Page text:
Neck to body joints were surprisingly good. The only issue I had there was when I bolted the bass neck to the body. Pre-drilled holes in the neck were tight and when the screws threaded in it caused a bit of material to raise up. This ended up angling the neck just a tiny bit forward making it impossible to get the action height low enough. I removed the neck and cleaned up the raised material (used a counter sink to clear a tiny bit extra) re-set the neck and good to go. The bridge adjustment could still go another 1 or 1.5mm but the action is where I wanted it.

    The LP clone neck relief is IMO a tiny bit low, about .08" (specs I'm working off call for 0.010"-0.012"). I've left the truss rod snugged but not tight, figure eventually the string tension will pull in a bit more relief. It seems to play well enough, no buzzing that anyone has noticed.

    Tuning machines, adjustable bits (bridges, etc) are all usable if not the nicest... screws grind a bit.. tuning machines have terrible tolerances. Volume pots on J-bass seem to not right (linear instead of audio taper I think) the last 10% of the turn accounts for 80% or more of volume. They both sound good and play well enough.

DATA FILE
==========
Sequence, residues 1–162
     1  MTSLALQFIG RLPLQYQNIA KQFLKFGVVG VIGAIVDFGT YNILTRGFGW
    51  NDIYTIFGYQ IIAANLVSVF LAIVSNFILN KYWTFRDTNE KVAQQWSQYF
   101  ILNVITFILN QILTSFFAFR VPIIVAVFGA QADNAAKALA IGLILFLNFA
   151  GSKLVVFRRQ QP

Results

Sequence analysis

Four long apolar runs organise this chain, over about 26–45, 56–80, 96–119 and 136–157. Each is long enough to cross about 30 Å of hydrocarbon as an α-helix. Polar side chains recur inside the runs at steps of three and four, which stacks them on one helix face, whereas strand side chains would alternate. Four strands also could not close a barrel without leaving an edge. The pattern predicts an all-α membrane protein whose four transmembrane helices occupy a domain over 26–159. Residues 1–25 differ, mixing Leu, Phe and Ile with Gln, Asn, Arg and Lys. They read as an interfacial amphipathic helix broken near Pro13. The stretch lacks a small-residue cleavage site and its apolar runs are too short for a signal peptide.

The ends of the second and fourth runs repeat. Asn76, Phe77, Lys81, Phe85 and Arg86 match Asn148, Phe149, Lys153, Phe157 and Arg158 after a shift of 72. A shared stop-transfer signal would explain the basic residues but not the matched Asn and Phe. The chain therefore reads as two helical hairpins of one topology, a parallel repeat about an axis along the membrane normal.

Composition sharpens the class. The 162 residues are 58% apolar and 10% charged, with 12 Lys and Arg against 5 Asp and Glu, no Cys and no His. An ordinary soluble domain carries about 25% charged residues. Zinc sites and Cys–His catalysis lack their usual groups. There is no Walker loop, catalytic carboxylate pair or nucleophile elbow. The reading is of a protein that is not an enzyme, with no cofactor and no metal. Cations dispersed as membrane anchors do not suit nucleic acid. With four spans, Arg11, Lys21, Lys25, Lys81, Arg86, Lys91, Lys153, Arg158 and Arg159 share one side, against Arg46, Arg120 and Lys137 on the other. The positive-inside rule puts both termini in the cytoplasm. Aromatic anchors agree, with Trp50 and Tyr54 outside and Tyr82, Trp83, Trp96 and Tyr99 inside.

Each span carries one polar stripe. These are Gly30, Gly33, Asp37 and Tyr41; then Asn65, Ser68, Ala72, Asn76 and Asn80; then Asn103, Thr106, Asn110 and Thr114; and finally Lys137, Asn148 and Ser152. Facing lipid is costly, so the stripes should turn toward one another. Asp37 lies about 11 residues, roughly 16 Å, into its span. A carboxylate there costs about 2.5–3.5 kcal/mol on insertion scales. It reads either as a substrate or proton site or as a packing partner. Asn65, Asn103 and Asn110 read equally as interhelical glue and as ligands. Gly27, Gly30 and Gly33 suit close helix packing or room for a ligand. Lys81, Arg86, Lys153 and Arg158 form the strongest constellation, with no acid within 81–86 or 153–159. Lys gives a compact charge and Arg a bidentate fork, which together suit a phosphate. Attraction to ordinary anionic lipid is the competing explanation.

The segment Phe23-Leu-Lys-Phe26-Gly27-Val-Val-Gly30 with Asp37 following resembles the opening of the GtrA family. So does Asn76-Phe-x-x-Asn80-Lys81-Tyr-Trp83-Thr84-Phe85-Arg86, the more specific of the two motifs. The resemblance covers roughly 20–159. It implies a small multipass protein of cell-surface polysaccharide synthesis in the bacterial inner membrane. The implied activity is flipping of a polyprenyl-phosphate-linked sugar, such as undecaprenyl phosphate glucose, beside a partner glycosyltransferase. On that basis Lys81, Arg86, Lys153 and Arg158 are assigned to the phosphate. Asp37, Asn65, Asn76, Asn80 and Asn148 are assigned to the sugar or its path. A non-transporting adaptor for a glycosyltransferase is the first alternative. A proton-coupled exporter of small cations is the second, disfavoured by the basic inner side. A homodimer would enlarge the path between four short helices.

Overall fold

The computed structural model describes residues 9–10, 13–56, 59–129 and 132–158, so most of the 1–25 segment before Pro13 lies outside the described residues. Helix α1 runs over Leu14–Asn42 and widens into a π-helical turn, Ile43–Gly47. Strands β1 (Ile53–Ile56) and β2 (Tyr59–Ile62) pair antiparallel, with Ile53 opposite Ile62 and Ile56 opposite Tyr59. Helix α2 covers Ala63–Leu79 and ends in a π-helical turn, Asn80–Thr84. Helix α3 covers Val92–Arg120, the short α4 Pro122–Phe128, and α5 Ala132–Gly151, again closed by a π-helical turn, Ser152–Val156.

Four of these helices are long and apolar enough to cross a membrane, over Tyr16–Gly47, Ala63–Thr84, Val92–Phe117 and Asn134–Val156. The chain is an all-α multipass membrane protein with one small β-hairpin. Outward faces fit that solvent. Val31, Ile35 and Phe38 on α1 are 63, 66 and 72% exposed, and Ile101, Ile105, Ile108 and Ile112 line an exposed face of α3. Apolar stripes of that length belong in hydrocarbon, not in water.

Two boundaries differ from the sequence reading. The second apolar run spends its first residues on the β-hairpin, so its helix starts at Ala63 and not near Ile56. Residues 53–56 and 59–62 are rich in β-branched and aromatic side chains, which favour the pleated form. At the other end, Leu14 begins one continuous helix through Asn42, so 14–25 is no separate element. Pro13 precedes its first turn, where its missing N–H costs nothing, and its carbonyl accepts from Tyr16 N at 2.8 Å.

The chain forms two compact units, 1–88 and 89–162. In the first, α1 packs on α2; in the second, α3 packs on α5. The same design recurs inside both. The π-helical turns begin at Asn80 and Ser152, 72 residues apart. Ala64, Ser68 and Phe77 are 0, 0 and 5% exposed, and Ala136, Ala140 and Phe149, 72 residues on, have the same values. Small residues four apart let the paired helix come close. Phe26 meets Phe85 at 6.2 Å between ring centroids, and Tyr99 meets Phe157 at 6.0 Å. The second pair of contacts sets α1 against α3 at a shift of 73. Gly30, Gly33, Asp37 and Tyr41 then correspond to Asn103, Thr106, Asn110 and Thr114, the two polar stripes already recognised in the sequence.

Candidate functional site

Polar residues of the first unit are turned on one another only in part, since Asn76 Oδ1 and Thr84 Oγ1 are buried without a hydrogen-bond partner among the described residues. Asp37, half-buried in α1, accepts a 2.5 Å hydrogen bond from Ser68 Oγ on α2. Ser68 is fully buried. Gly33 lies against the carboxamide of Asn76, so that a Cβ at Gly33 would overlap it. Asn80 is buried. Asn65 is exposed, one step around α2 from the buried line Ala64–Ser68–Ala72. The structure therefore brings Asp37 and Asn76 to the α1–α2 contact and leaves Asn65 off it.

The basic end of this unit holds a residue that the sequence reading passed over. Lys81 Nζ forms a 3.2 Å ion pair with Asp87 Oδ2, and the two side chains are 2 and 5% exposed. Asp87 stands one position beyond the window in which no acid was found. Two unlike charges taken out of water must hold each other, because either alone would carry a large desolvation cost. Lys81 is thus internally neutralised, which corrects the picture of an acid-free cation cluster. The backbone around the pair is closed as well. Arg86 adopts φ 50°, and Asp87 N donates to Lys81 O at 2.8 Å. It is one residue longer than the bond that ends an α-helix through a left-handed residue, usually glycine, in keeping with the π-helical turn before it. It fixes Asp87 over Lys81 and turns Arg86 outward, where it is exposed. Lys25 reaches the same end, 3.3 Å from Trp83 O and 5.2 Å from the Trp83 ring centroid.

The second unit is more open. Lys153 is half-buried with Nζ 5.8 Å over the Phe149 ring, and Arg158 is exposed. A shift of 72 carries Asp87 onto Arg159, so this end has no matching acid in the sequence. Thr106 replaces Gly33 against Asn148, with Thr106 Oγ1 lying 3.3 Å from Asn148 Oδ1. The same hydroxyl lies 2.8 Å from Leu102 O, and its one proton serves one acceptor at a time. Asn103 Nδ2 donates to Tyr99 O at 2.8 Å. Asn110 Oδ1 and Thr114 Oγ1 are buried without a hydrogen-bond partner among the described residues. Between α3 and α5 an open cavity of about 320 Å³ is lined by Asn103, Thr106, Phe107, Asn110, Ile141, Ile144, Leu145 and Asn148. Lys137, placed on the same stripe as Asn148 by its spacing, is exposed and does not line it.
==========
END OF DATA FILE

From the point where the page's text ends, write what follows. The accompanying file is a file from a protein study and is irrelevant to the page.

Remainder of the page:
These kits were a good way to learn about building guitars/setup and gain some experience. Since I finished those without issue I've gone on to setup several other guitars we have around here and in each case I've made noticeable improvement.

    I think that these kits fit the purpose, an inexpensive way for a handy person to build a guitar. Considering the time it takes and the tools necessary this is by no means a way to save money.

    I'll get back to this when I have the Warmoth parts...
     
  3. braindead0

    braindead0

    Feb 7, 2004
    Reno, NV
    I ordered some MG Super Shield nickle conductive coating to provide a shield for the controls. Didn't use anything on my 2 other builds, so far doesn't seem necessary however being an electronics geek I like the idea of shielding.

    I chose an EMG MMHZ passive 4 string MM pickup. I wanted something different than what I currently have in my stable (P/J and J). I'm all for keeping it simple so a passive pickup makes sense. The EMG pickup also comes with volume/tone control and wiring. NOTE: be wary of purchasing from anywhere except EMGpickups.com, IF you care about getting the wiring/pots/output jack included in the price. GuitarCenter, MusicianFriend and other sites I looked at say it comes with "Mounting screws and springs". I originally purchased from a seller on Amazon, thinking same price.. same part.. should have the wiring. Not so. Returned pickup to Amazon seller, and confirmed with Alex at EMGPickups that "We include the pots and wiring necessary to wire each pickup up with a dedicated tone and volume.".